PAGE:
Understanding teaching and learning in adult literacy training: Practices in Canada and the United Kingdom (2007)

Literacy and Numeracy Studies: International Journal in the Education and Training of Adults, 15(2) 57-72

This study was undertaken by researchers from the University of Ottawa in Canada, the University of London in the United Kingdom, and the University of Maryland in the United States. Their goal was to investigate how adult students learn collaboratively with their peers in both formal and non-formal adult literacy programs and what teaching styles best support this learning.

The research design involved several different literacy organizations in Eastern Ontario and in Central London, United Kingdom.

The authors suggest that collaborative learning is the cement that bonds the various building blocks in a community of literacy practice across small, large and tutorial types of programs. Central to this framework is the instructor's philosophy and teaching perspective, which helps explain the teaching and learning transactions.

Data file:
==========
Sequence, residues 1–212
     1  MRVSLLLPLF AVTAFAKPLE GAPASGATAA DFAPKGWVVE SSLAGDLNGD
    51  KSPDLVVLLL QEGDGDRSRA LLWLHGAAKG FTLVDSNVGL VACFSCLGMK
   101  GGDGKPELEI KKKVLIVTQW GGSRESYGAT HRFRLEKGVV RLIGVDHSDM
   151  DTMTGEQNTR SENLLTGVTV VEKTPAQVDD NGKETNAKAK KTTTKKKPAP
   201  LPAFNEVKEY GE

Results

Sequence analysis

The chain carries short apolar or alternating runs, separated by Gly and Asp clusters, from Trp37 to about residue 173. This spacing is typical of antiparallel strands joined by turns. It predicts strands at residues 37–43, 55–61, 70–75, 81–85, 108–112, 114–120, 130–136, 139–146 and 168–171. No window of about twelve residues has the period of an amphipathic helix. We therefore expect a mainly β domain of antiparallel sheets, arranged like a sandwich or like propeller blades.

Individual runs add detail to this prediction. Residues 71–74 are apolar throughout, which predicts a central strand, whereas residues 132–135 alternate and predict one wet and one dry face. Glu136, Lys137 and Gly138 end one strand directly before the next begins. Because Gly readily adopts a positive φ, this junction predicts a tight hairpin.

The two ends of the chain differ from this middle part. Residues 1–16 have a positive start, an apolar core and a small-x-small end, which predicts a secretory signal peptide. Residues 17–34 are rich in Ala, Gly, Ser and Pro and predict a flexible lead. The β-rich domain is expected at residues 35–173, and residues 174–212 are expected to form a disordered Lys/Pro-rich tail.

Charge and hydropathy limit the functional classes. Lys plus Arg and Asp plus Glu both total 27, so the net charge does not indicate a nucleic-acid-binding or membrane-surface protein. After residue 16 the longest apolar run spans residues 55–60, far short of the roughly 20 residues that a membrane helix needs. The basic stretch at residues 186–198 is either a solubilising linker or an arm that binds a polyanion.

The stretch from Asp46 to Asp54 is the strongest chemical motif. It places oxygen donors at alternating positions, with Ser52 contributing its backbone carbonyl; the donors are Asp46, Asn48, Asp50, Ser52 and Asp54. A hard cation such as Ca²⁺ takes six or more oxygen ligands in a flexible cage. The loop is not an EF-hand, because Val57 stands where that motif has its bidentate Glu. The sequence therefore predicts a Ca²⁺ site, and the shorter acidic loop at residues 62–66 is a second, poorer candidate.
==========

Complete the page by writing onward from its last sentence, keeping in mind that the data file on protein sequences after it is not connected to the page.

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Added: 
2011-06-10
APA citation
Karen Evans, Maurice Taylor and Ali Abasi. Understanding teaching and learning in adult literacy training: Practices in Canada and the United Kingdom 2007. Web. 15 Aug. 2020 <http://en.copian.ca/library/research/mtaylor/underteach/underteach.pdf>
Karen Evans, Maurice Taylor & Ali Abasi (2007). Understanding teaching and learning in adult literacy training: Practices in Canada and the United Kingdom. Retrieved August 15, 2020, from http://en.copian.ca/library/research/mtaylor/underteach/underteach.pdf
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